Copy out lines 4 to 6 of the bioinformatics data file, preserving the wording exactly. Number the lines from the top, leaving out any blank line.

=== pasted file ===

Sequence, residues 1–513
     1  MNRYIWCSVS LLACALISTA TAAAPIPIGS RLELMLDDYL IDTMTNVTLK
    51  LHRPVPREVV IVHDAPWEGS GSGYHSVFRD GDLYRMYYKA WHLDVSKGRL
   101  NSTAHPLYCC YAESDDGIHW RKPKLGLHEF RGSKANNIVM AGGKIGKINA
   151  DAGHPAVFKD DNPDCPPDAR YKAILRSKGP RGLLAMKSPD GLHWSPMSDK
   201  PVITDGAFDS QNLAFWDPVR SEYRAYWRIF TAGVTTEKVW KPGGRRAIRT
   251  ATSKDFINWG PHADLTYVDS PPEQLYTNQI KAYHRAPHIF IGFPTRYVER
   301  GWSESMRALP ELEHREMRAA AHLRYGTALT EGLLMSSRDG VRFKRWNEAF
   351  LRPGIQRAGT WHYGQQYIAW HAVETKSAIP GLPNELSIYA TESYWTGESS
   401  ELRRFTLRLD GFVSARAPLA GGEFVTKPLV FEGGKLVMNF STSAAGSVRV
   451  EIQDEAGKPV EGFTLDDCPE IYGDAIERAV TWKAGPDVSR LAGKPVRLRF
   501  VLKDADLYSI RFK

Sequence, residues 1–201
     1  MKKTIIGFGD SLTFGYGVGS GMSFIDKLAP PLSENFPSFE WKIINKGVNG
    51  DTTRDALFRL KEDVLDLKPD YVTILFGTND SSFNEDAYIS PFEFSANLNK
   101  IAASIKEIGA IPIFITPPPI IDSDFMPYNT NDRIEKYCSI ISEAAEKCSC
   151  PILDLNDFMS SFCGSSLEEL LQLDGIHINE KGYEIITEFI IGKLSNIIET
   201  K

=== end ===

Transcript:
   101  NSTAHPLYCC YAESDDGIHW RKPKLGLHEF RGSKANNIVM AGGKIGKINA
   151  DAGHPAVFKD DNPDCPPDAR YKAILRSKGP RGLLAMKSPD GLHWSPMSDK
   201  PVITDGAFDS QNLAFWDPVR SEYRAYWRIF TAGVTTEKVW KPGGRRAIRT